Hiroshi Murata said ESCOs have a major role to play in Japan. G. C. Datta Roy highlighted the need for ESCO process standardization and harmonization of ESCO contracts with government contracting procedures. He said ESCOs do not need financial incentives from the government, but do need guidelines to clarify the nature of taxes accruing to the project.
Summarizing the discussion, Ajay Mathur noted the need to build institutional capacities for dispute resolution and to establish payment guarantee mechanisms. He underscored the need for building the capacity of banks for appraisal and risk profiling of ESCO projects. He said that, instead of providing financial incentives, taxation incentives available to the power generation sector should also be extended to energy conservation. Mathur emphasized that the government needs to hand hold ESCOs, and that the Indian Bureau of Energy Efficiency is compiling a list of potential ESCOs.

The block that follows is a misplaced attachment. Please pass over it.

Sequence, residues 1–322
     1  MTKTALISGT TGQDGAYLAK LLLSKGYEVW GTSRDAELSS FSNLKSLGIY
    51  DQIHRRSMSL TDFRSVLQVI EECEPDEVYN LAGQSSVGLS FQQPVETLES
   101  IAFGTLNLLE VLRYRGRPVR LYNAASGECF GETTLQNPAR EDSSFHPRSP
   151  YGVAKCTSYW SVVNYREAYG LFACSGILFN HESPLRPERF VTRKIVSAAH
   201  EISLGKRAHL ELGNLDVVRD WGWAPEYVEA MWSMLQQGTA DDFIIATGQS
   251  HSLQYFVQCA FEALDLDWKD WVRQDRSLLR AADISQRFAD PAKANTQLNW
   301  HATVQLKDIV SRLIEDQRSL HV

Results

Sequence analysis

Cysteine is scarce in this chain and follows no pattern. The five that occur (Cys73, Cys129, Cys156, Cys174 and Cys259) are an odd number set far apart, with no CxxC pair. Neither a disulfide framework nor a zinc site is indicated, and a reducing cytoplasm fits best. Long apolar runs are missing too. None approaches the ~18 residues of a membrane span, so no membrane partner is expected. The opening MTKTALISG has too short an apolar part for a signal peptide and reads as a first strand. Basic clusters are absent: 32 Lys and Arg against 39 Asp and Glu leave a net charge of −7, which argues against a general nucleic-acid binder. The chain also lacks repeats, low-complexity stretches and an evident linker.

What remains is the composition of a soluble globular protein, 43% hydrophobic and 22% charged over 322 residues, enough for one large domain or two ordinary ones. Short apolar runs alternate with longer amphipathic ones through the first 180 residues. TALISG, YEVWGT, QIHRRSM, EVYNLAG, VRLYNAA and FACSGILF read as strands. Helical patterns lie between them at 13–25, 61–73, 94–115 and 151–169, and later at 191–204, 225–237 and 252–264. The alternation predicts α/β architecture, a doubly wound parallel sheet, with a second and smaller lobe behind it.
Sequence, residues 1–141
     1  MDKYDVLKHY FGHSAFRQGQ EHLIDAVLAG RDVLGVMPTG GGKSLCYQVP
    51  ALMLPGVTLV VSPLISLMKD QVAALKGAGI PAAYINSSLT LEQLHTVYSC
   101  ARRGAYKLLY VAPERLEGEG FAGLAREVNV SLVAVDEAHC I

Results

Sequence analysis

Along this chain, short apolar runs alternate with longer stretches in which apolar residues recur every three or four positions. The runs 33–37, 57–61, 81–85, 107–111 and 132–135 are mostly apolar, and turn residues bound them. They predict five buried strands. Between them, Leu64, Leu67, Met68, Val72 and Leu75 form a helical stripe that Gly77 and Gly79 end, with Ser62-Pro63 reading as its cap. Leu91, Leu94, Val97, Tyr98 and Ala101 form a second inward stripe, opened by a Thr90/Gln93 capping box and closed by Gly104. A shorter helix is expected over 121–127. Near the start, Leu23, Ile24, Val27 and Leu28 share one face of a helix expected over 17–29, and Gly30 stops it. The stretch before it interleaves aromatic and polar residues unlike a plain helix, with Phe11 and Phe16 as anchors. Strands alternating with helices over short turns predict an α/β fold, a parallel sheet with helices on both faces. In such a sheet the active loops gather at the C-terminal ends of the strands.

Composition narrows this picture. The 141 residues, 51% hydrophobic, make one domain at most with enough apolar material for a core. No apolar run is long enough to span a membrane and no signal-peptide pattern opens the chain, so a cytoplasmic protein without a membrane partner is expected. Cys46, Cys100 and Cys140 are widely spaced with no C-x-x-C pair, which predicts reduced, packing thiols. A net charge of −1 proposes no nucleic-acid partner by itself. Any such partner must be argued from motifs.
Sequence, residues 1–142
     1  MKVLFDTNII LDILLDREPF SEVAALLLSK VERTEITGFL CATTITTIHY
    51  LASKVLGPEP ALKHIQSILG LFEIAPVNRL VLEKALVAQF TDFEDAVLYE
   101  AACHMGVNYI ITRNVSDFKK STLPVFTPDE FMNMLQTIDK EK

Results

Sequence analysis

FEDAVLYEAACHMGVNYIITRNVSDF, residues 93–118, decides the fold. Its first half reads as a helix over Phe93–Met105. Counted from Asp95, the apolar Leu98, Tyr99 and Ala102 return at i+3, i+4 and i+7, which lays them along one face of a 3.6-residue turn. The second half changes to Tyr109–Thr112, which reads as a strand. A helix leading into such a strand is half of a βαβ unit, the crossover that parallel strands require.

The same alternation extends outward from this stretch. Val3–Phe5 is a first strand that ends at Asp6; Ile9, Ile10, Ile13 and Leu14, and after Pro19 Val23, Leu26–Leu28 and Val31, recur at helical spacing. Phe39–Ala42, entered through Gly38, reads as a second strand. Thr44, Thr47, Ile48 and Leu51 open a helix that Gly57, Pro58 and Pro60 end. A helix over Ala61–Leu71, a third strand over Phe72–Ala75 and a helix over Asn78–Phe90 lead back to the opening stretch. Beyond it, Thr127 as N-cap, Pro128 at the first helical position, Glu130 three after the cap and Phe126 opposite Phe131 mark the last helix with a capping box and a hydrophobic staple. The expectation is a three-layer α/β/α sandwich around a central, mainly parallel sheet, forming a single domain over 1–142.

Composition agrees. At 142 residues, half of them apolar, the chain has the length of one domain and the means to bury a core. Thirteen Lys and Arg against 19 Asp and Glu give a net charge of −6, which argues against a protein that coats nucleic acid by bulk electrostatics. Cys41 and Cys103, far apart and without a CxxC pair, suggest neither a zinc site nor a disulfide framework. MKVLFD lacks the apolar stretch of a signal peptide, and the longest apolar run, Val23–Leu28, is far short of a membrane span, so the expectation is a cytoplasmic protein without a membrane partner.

Participants discussed accreditation of monitoring and evaluation agencies for ESCOs and the creation of sector-specific ESCOs as a way to simplify ESCO business procedure.
PANEL DISCUSSION: COOPERATION AMONG KEY SECTORS FOR TECHNOLOGY TRANSFER
Morihiro Kurushima, CTI, moderated this panel discussion, which included three panelists from government and research organizations. He underscored the importance of creating markets for ESCOs and noted that CTI provides an ideal platform for sharing experience.